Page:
What foods should dogs not eat?

Begging appears to come quite naturally to dogs, it’s almost instinctive, and there’s a good reason for this.


Many years ago wolves began to scavenge food from humans and started hanging around for leftovers and scraps – the tamer the wolf, the more food they got. So it’s no wonder their domesticated relatives have become so good at persuading us to share our food.

As a dog owner, you’ve probably succumbed on more than one occasion to the pair of big puppy eyes that appear at your side whenever there’s food around and have given your dog the odd tasty tidbit from your dinner plate.


Although it’s tempting to share your food with your pet, there’s some food that you definitely shouldn’t be feeding them, no matter how cute a face they pull. Not just because of unhealthy weight gain, but because some common foods that we eat regularly can be dangerous to dogs and make them sick if they happen to get their paws on it. We get asked a lot what foods dogs can’t eat.


Here are some foods that you should avoid feeding your dogs:


There can often be conflicting information as to whether dogs can eat avocados. Dogs can eat the flesh; it’s the leaves, skins and pits that can be toxic to dogs due to them containing high levels of persin, a fungicidal toxin, which can cause serious health problems and even death. According to some vets, dogs can be more resistant to persin than other animals, but it’s still wise to err on the side of caution.


Caffeine is a compound found in the plants of tea and coffee and can be toxic to dogs. Too much caffeine can even be fatal. Coffee acts as a stimulant in dogs much the same as humans and causes an increased heart rate. Whilst caffeine can help us feel awake and more alert, in dogs, it can cause excessive panting, heart arrhythmia, high blood pressure, tremors, and seizures.


Chocolate contains theobromine, which is toxic to dogs. Human’s can easily metabolise theobromine, but dogs process it much more slowly, allowing it to build up to toxic levels in their system. Mistakes happen, and a small amount of chocolate will probably only give your dog an upset stomach with vomiting or diarrhoea, but larger amounts can produce muscle tremors, seizures, an irregular heartbeat, internal bleeding or a heart attack.

It’s also important to note that different types of chocolate contain different levels of theobromine, with cooking and dark having the highest.


Cooked bones
Cooked bones are more likely to break and splinter into sharp pieces, which may cause internal injury, broken teeth, bleeding and infection inside your dog, so it’s best to keep bones from chicken, roasts, and other meats away from your dog.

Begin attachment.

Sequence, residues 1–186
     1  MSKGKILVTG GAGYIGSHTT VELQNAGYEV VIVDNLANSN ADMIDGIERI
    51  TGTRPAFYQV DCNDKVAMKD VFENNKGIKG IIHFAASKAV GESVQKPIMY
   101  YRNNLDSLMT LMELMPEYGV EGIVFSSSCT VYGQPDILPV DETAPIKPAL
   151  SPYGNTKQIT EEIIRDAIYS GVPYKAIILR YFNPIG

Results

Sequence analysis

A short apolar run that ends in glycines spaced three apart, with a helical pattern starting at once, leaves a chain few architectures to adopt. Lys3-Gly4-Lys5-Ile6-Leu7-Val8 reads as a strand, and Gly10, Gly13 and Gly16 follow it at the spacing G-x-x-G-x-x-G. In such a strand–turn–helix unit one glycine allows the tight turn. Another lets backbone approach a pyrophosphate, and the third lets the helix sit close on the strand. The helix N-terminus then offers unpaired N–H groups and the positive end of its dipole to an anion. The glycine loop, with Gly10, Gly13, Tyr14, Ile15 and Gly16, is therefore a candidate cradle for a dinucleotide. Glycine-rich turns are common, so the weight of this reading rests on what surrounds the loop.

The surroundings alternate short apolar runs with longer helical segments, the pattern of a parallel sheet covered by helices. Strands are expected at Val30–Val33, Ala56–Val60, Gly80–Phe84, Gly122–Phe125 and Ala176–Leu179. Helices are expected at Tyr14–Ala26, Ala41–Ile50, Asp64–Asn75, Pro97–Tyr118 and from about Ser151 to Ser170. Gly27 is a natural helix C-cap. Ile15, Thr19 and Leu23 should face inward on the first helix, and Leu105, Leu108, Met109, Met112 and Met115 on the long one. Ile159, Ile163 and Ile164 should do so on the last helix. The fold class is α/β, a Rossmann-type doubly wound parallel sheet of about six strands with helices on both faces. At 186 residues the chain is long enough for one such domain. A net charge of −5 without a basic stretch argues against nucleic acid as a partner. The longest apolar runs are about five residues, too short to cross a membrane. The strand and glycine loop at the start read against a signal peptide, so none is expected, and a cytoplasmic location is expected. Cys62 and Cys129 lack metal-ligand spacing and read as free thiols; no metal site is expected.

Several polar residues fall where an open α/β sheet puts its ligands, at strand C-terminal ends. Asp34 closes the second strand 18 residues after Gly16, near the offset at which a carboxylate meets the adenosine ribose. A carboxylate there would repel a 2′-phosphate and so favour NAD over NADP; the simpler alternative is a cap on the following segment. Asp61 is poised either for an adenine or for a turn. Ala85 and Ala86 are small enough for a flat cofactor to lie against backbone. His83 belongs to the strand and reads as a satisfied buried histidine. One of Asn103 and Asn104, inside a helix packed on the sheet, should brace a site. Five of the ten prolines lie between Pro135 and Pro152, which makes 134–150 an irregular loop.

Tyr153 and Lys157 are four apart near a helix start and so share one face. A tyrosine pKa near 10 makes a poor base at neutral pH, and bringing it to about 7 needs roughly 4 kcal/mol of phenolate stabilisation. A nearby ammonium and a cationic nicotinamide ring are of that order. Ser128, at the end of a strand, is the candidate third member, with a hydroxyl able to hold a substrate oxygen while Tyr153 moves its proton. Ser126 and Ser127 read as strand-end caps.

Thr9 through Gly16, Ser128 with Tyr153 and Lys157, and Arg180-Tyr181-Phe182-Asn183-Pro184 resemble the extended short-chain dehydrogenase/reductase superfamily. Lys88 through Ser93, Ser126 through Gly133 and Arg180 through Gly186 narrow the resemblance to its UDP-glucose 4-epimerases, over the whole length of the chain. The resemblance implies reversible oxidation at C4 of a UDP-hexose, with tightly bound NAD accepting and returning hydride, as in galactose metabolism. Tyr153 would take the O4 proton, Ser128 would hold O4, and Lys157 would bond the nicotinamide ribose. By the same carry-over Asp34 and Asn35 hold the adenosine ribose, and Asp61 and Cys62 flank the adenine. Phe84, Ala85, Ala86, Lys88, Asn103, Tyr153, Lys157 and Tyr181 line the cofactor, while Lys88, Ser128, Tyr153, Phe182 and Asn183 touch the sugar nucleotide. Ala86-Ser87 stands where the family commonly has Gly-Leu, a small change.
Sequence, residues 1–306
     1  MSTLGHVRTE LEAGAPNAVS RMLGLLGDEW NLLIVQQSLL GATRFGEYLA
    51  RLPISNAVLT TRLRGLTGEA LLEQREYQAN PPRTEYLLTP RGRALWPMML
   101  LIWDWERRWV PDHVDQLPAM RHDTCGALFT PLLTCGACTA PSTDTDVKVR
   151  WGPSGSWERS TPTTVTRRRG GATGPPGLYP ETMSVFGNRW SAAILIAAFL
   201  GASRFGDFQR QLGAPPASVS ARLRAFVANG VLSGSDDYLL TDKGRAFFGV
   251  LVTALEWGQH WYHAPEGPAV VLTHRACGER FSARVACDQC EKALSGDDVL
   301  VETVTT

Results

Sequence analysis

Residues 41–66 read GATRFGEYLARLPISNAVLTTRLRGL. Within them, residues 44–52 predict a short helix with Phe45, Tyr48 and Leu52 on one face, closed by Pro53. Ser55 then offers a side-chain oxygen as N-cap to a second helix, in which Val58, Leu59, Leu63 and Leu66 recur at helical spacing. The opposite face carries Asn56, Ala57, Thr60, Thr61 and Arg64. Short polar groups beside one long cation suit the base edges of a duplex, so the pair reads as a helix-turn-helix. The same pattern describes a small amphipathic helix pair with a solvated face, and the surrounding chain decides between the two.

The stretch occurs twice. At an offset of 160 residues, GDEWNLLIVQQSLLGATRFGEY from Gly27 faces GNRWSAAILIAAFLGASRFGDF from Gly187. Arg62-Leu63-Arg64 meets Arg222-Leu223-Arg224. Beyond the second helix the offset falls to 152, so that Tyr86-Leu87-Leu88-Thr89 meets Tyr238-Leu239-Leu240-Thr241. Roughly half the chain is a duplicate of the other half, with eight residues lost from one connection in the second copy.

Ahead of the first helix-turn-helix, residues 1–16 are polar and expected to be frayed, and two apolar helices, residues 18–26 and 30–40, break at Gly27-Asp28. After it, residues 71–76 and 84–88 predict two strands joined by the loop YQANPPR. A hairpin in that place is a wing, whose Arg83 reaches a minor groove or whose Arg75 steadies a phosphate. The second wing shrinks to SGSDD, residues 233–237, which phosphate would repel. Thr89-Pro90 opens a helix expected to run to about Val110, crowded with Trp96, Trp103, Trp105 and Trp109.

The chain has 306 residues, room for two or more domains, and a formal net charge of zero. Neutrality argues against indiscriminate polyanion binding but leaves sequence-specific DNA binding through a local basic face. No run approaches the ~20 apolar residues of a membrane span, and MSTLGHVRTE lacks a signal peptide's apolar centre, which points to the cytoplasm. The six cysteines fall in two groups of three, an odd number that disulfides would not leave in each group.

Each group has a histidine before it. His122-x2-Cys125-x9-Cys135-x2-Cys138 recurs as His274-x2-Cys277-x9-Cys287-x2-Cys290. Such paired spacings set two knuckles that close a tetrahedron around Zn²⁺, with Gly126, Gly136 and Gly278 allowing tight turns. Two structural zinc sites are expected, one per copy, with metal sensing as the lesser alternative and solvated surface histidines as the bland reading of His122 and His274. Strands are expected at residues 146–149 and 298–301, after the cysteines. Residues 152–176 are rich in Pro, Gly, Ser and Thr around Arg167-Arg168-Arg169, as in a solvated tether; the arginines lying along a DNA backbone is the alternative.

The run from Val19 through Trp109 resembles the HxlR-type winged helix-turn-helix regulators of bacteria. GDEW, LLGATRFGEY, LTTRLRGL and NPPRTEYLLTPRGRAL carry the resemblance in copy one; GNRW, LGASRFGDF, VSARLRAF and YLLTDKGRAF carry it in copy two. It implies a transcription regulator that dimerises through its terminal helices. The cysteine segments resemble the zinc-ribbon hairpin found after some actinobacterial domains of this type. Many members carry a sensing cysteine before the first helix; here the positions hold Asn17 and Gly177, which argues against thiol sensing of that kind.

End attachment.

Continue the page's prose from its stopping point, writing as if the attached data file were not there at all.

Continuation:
Most raw bones that have not been cooked are edible for dogs and are soft enough to chew, eat, and digest. But with all bones, there’s a risk of choking if your dog swallows without thoroughly chewing.


Dairy foods
While small doses aren’t going to kill your dog, dairy sometimes irritates a dogs stomach and affect digestion, which can result in a nasty case of diarrhoea.


Garlic, onions and chives
Onions, garlic, leeks, and chives are the most commonly reported members of the Allium family to cause toxicity in dogs. They contain disulfides and sulfoxides (thiosulphate), both of which can cause gastrointestinal irritation and in worse cases, anaemia and damage red blood cells.


Grapes and raisins (dehydrated grapes)
Regardless of colour or type, seeded or unseeded, grapes and grape products are toxic to dogs. The exact toxic substance is unknown, but it’s thought that a dogs inability to metabolise flavonoids, tannins and monosaccharides from grapes is what causes them to be unwell. Grapes can cause severe kidney damage that can lead to acute (sudden) kidney failure, which can be fatal.


Macadamia nuts
It might be a food you don’t eat very often, but it’s good to know that Macadamia nuts can irritate dogs’ stomachs, but also, for unknown reasons, macadamia nuts can be toxic. In addition to paralysis, dogs can suffer severe weakness, nausea, and diarrhoea that requires hospitalisation.


Raw meat
You may be surprised that some meat and fish can be harmful to dogs. Raw meat and fish can be contaminated with bacteria which causes food poisoning.

Some fish can contain a parasite that causes “fish disease” or “salmon poisoning disease (SPD), an often fatal condition, occurring when a dog eats raw salmon that is infected with the Neorickettsia helminthoeca parasite. This disease typically begins in the tissues of the small intestine, where it causes haemorrhaging. It gradually becomes systemic, invading the entire body.


Uncooked dough or yeast
The yeast in unbaked dough can cause life-threatening illnesses as it causes the dough to continue to rise in a dogs stomach. The dough can extend the entire abdomen, causing extreme pain and potential blockages in the intestinal tract. This can lead to a twisting of the stomach known as gastric-dilation volvulus. Another possible complication involves the fermentation of the raw dough, which produces ethanol and can lead to alcohol poisoning.


Salty snack foods
Salt is delicious and who can deny that the combination of salt, sugar and fat is unbelievably tasty. As a result, all mammals have the desire to eat these types of foods. But too much salt isn’t great for our health, and this goes for dogs as well. If dogs ingest too much salt, it can lead to sodium ion poisoning, which may result in vomiting, diarrhoea, depression, tremors, increased temperature, seizures and even death.

Of course, not all dogs will react the same way to all foods: gender, breed, size or age of a dog can all influence the risk of how severely they’re affected. If your dog has swallowed something they shouldn’t have and you’re in doubt, always contact your vet.

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